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Laredo-based Taco Palenque has plans for Austin


The sabor of South Texas will soon be rolling up to Austin. Beloved Laredo-based Taco Palenque , which has locations throughout the Rio Grande Valley and north to Houston, San Antonio and New Braunfels, plans to open a food truck in Austin this summer.

Owner Juan Francisco Ochoa (known as Don Pancho) opened the first Taco Palenque in Laredo in 1987, several years after selling the American rights to El Pollo Loco, which he also founded. The fast-casual restaurant specializes in grilled beef and chicken plates and tacos and is well known for its massive pirata, a taco slathered with refried beans and draped with juicy grilled fajita meat and melted cheddar cheese.

The restaurants make their own excellent corn and flour tortillas, the latter soft, chewy and spotted with marks from the grill, and feature fresh salsa bars, with several salsa offerings, grilled jalapenos, pickled and raw onions, cilantro, pico de gallo and more. A visit to Taco Palenque will make you totally rethink the idea of fast-casual Mexican food.

Ochoa and his team told me earlier this month in Laredo that the truck will feature several of the restaurant’s most popular items on a smaller menu than that found in their 20-plus locations throughout Texas. They are not sure where the truck will be located and say there is a strong possibility the truck could lead to multiple Austin brick-and-mortar locations of the massively popular family-owned chain of restaurants, which expanded to New Braunfels four years ago.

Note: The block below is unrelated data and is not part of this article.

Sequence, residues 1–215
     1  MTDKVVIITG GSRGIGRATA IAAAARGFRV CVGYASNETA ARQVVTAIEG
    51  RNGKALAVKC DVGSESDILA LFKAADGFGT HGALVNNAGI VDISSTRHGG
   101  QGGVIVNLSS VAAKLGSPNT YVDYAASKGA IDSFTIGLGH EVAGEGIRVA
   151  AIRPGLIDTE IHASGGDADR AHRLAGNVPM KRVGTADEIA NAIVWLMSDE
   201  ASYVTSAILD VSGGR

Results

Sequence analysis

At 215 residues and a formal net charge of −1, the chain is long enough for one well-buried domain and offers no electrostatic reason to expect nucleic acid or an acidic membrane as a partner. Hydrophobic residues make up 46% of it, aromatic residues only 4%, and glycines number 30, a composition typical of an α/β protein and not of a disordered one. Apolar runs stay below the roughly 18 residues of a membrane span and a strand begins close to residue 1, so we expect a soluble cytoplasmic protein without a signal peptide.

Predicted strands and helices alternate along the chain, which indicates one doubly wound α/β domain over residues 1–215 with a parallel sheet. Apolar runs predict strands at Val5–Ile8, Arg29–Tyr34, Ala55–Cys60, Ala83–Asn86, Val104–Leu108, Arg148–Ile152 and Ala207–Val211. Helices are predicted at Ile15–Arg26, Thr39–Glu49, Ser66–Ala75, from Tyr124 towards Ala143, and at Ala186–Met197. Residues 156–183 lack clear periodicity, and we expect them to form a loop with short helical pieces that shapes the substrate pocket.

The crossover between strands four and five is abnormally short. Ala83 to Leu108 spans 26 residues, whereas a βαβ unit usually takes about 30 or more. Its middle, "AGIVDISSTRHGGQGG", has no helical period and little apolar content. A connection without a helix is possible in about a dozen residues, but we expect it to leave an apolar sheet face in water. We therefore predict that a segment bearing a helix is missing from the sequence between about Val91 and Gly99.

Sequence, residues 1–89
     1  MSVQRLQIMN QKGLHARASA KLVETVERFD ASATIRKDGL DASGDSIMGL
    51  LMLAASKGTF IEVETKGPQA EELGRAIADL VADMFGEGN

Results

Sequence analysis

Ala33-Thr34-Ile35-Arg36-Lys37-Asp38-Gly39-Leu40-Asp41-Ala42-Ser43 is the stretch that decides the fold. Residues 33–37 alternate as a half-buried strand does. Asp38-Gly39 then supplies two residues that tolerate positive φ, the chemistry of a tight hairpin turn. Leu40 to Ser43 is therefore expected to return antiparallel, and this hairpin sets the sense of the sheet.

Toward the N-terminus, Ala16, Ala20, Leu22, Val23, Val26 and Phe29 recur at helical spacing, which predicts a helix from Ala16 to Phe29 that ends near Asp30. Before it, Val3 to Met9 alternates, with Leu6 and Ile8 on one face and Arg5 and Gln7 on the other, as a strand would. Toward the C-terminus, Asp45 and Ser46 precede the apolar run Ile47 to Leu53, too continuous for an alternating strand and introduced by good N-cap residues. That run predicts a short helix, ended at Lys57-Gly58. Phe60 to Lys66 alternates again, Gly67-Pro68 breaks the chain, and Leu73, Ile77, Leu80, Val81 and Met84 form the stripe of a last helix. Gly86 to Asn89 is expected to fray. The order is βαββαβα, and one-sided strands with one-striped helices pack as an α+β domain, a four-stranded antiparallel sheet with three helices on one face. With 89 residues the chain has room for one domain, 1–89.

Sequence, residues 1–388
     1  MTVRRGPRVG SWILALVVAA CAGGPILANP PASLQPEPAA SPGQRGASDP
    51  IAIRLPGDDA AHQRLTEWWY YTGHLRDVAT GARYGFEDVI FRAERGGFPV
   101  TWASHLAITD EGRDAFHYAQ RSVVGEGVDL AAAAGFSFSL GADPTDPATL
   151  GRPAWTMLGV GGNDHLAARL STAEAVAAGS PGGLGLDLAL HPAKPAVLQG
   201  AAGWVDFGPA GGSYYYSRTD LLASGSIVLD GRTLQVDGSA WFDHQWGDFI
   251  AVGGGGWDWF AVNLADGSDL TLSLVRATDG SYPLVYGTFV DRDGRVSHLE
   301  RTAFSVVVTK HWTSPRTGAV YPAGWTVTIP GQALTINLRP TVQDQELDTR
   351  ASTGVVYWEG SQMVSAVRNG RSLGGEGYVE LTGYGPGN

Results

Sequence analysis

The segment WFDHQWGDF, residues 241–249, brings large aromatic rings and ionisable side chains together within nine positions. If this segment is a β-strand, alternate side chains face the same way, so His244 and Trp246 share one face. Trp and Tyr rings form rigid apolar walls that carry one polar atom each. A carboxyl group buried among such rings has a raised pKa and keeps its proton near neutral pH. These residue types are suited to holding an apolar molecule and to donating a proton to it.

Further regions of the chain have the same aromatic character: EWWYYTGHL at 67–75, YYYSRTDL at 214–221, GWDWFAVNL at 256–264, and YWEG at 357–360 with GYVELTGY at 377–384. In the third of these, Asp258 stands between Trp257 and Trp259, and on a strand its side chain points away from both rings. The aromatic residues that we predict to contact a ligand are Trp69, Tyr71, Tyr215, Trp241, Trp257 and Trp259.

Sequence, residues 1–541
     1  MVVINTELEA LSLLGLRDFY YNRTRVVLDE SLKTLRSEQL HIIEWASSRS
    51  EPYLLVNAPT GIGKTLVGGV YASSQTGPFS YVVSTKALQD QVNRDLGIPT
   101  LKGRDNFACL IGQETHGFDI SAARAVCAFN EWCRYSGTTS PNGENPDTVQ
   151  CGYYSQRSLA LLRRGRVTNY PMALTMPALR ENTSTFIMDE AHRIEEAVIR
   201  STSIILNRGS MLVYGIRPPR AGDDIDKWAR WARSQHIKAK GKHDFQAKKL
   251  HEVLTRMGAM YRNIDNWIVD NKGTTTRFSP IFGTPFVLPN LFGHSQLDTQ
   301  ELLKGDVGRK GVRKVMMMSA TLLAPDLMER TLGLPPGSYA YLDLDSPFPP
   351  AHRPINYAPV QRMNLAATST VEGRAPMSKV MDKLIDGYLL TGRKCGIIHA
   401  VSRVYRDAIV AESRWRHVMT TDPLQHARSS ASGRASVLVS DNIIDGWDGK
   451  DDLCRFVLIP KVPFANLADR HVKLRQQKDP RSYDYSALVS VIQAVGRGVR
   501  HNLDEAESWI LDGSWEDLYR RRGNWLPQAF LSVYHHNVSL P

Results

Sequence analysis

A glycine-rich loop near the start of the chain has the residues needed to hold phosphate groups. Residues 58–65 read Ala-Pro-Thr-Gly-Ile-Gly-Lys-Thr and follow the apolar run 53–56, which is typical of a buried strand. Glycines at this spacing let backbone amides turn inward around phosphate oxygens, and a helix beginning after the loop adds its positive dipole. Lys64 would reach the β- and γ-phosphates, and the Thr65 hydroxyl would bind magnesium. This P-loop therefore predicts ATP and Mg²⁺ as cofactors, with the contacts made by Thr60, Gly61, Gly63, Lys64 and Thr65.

Food for flight

Flights started taking off last week from the new South Terminal at Austin Bergstrom-International Airport. You can access the small building, which services Allegiant Airlines, off Burleson Road. The little retro-designed building doesn’t have all of the amenities of the main terminal, but you can get food and drink. In addition to the indoor concession area featuring grab-and-go sandwiches, snacks and beverages, there is an outdoor patio that will be serviced by a selection of food trucks. The first truck in the secured dining area (gotta have a plane ticket for this meal) was Stacked Sliders . A representative for the airport said that operators are still considering which local food trucks to select for the space but are hoping to create a “dynamic food truck scene,” with trucks rotating out regularly. The airport’s concessionaire also intends to bring some of the food truck operators into the terminal.

Looking ahead

The New Waterloo team has shown itself adept with Mexican (La Condesa), Thai (Sway), Japanese (Otoko) and American (Cafe No Se, Central Standard) and soon will flex its French muscle. The hospitality group will open French brasserie Le Politique on the first floor of the Northshore high-rise (110 San Antonio St.) this summer.

The restaurant will serve a menu that includes brasserie staples like trout amandine, escargot, and tarte flambée. Le Politique will also feature an extensive raw bar and a separate patisserie and coffee shop.